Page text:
Shangi potato now returns low yield
Farmers growing the Shangi potato variety in Nyandarua County are a worried lot because the crop is no longer producing the expected yield. Many farms are wilting dry due to it's high susceptibility to diseases.
Its extinction could mark an end of an era of being the most preferred potato by both farmers and consumers. It is preferred by farmers because it matures fast and by consumers because it cooks fast.
A farmer, James Mugo said he had planted a quarter of an acre but the crop wilted and died before it formed tubers, despite his effort to save it spraying several times and even using urine from rabbits.
“I bought five litres of rabbit urine after being advised that spraying the fluid on the crop would save it from wasting away before it matured. But at the end the entire crop dried up,” Mugo said.
The origin of the Shangi, that matures in two months while other mature in three months and cooks within 15 minutes, remains a mystery with potato experts claiming the variety could have been sneaked out of labs in 1960s before it was declared a valid seed. But could it be headed for a mysterious exit?
Nyandarua County Executive for Agriculture, Dr James Karitu says the Shangi is just a victim of the rainy weather that has similarly affected other potato varieties as well.
Dr Karitu said the County expects to record a 20 percent drop in potato production this year due to the excessive rain that has waterlogged farms. The County produces 500,000 metric tons of potatoes annually, he said.
The Executive blames those farmers who are experiencing poor performance of the Shangi variety that is grown by over 90 percent of potato farmers in Nyandarua, saying it is due to recycling the crop instead of getting certified seeds every time they plant.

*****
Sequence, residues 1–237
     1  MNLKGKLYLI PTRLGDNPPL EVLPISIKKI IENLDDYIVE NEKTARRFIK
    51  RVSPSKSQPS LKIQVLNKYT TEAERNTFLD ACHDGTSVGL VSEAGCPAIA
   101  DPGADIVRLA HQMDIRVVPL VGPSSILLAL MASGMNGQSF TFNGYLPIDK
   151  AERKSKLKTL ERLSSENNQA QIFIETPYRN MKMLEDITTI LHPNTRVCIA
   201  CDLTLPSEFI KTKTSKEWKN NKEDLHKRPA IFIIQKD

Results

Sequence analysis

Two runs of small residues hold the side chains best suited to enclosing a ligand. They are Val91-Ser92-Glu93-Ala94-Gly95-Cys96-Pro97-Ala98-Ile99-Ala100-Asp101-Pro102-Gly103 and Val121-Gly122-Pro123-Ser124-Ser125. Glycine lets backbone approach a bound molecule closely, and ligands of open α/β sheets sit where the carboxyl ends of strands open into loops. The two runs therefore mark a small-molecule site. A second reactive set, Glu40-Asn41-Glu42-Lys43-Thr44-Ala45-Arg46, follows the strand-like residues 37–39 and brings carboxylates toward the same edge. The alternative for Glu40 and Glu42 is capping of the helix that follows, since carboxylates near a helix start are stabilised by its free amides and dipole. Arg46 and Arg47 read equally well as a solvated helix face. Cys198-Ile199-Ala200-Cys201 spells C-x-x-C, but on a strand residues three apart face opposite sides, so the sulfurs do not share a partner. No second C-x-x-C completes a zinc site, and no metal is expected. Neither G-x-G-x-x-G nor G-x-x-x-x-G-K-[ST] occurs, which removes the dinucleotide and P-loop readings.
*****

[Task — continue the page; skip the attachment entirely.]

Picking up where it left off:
But farmers claim the potato has become susceptible to diseases so much that its future is not guaranteed.
Dr Karitu said the County has put measures to guarantee the potato subsector a firm future in the County’s food security pillar. He said already potato seed multiplication hubs have been established in the County.
He however admitted that there some potato varieties that had become an easy target for early and late blight diseases. He said a national committee and stakeholders is carrying out research to establish the cause of the blight challenge but termed it “not very serious issues in the sector”.
He said among the potato diseases that are a challenge in Nyandarua are the common one like bacterial wilt, blight and PCN (Potato Cysts Nematode) but added the diseases are found in patches and not widespread.
PCN that can wipe out 80 to 100 percent of potatoes if not curbed is common in some European countries but has been reported in some North African countries. It is suspected to have been introduced in Nyandarua when past County administration imported seeds from Europe in a bid to boost potato production.
Dr Karitu doubts if the imported potato seed could have been diseased saying there was no way the importation could have arrived without being vetted by Kenya Plant Health Service (KEPHIS). He however added that administration of Governor Kimemia has no intention of importing potato seeds and instead will use local multiplication to avail certified seeds to farmers.
“I would urge the farmers to do crop rotation to beat some of the potato diseases in the County. Some of the diseases can remain in the soil for even 30 years,” Dr Karitu said.
He said the County is introducing many more new potato varieties as it moves to introduce processing and value addition. He urged farmers to start growing processable varieties.
Shangi might not fall under the processable groups as most processors say it has a lot of waste due to its “many and deep eyes”.
The County government is in the verge of establishing a potato processing plant. Last week President Uhuru Kenyatta did ground breaking for a cold storage facility at Rurii near Ol Kalou town. Dr Karitu said this is among early preparations by the County to venture into potato factory.